Whole Foods Market can dish it out, but they sure can’t take it. The largest organic foods retailer developed a mega-profitable business by scaring consumers about conventionally produced foods supposedly "contaminated" with chemicals and biotechnology.

Now Whole Foods is having a mega-hissy fit because someone says its products might not be so unadulterated after all.

The American Council on Science and Health, a nonprofit group that addresses consumer health issues, notified Whole Foods on July 11 of ACSH’s intent to sue Whole Foods for violating California Health & Safety Code section 25249.6, better known as Proposition 65. The law requires warning labels on products containing substances deemed "toxic" by California.

ACSH says Whole Foods illegally sells its whole wheat organic bread without a warning label. Swedish researchers announced in April that baking carbohydrate-rich products like bread produces the chemical acrylamide — listed as a toxic substance under Proposition 65.

ACSH doesn’t really believe that any minute amount of acrylamide present in Whole Foods’ organic bread is dangerous. But the state of California apparently does.

Whole Foods no doubt caught on that ACSH was simply playing a practical joke to make a point about the silliness of Proposition 65 — a law that needlessly scares consumers and provides no safety benefit.

The company apparently was ignoring ACSH when the New York Times called. Food reporter Marian Burros wanted Whole Foods’ reaction to the potential lawsuit for her article in next Wednesday’s Times.

Whole Foods no longer thinks ACSH is funny and has unleashed its attack dogs (i.e., lawyers).

"This is no longer a publicity stunt of limited impact.  I [am] requesting that [ACSH] confirm in writing (immediately, for release to the press) that it does not intend to pursue any claim against [Whole Foods] and that it apologizes for any embarrassment or other injury to [Whole Foods] on account of your notice and your statements to the press," threatened Gibson, Dunn & Crutcher lawyer Charles Ivie in an e-mail to ACSH associate director Jeff Stier.

"[Whole Foods] does not intend to sue ACSH, if you will immediately rectify this

damage.  It is incomprehensible to me why an organization such as yours would have done what it has done," added Ivie.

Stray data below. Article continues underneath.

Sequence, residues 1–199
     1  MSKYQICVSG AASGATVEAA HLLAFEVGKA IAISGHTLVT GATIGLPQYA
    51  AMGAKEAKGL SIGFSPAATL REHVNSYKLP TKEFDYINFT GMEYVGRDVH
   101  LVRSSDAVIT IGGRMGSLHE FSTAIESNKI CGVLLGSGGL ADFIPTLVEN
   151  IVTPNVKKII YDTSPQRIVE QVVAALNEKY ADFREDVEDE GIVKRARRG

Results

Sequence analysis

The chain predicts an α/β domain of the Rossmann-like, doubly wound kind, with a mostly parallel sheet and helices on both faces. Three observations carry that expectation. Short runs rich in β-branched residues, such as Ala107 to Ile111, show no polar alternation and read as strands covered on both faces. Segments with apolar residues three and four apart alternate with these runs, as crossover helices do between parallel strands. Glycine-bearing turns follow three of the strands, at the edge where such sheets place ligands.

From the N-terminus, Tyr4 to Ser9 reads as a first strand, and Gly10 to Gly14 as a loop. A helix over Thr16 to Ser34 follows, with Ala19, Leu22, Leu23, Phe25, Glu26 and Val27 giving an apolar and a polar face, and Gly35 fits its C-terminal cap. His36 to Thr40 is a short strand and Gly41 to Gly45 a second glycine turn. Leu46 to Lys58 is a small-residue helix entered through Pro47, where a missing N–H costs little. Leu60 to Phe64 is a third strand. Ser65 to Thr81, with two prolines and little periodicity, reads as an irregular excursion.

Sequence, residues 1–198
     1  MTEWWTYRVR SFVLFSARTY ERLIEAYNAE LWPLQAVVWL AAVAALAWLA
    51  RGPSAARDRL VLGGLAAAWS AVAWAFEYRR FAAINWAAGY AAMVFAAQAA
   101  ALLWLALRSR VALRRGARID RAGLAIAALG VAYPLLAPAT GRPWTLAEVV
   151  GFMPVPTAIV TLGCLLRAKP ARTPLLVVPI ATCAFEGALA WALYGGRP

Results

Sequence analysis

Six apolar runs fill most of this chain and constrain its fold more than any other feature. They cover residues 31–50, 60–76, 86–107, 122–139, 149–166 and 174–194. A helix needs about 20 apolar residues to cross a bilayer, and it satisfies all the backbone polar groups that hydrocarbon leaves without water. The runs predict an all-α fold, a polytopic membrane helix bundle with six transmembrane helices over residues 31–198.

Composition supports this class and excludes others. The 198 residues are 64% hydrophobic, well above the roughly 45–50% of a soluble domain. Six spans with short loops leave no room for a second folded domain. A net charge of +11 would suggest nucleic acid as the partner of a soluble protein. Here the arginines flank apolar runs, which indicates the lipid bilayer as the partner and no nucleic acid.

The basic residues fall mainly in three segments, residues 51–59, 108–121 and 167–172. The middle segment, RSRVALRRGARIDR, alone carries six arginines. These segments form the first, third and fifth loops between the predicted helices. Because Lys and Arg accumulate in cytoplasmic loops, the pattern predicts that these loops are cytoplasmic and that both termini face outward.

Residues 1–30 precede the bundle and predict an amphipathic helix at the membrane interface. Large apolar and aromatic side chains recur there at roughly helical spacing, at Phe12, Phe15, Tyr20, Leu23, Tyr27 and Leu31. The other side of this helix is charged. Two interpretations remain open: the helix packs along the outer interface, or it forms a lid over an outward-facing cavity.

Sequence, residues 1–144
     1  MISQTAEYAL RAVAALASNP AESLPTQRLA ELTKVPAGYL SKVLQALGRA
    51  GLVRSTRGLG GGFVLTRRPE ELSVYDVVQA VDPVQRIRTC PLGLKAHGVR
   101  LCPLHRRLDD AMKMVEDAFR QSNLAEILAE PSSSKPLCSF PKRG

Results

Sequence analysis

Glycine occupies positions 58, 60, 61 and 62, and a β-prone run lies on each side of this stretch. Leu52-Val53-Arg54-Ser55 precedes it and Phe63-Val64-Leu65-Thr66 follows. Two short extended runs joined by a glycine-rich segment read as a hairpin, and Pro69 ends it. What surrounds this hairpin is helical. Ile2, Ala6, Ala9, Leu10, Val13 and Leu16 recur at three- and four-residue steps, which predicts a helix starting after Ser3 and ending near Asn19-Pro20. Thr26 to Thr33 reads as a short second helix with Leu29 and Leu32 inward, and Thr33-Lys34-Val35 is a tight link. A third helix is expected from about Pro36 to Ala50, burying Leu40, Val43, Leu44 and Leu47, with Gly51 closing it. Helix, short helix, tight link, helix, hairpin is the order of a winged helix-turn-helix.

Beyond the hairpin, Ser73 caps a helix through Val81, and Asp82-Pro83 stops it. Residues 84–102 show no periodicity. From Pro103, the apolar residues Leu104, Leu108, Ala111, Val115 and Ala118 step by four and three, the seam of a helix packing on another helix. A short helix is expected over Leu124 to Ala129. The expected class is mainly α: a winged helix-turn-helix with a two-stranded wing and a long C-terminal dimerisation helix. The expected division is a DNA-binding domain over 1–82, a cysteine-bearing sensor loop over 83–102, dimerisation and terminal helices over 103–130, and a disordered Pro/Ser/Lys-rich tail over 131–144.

ACSH is not backing down, according to Stier. In any event, the irony is rich.

Whole Foods papers its stores with advertising implying, if not proclaiming, that conventional and biotech foods are downright dangerous.

Whole Foods issued a press release last September claiming organic food is healthier than conventional food because, "… organic foods are spared the application of synthetic insecticides, herbicides, fungicides and fertilizers. Many EPA-approved pesticides were registered long before extensive research linked these chemicals to cancer and other diseases. Now, the EPA considers 60 percent of all herbicides, 90 percent of all fungicides and 30 percent of all insecticides as potentially cancer causing."

Unfortunately for Whole Foods’ assertion, there is not a single shred of evidence that any application of pesticides has caused a single case of cancer anywhere in the world despite 50-plus years of widespread use.

About biotech foods, Whole Foods says, "As consumers learn more about the genetic modification of crops, or GMOs, there is increasing concern that biotechnology may be moving faster than our government's regulatory system is currently able to monitor and evaluate.  The effect genetic engineering may have on our environment and on long-term human health issues has not been determined by health officials.

The implication is simply false as regulatory agencies have conducted extensive reviews of biotech foods and deem them to be safe.

Last November, Whole Foods issued a press release titled, "Guess Who's Not Coming to Dinner This Year?; Whole Foods Market Offers Solutions to Make Holiday Meal Memorable And Delicious Without Artificial Additives, Preservatives, Growth Hormones."

Omitted from mention is that these technologies have been extensively tested and approved as safe by government regulators around the world and have been used for decades without any evidence of harm.

But why let facts get in the way of a profitable marketing strategy?

A final irony is that New York Times reporter Marian Burros is no fan of ACSH and it’s facts-not-fear advocacy. Her upcoming article is more likely to depict ACSH, not Whole Foods, as the bad guy.

Whole Foods is lucky the conventional foods industry isn’t as thin-skinned. Otherwise, Whole Foods’ lawyers would have a whole lot more to worry about than ACSH.

Steven Milloy is the publisher of JunkScience.com, an adjunct scholar at the Cato Institute and the author of Junk Science Judo: Self-defense Against Health Scares and Scams (Cato Institute, 2001).

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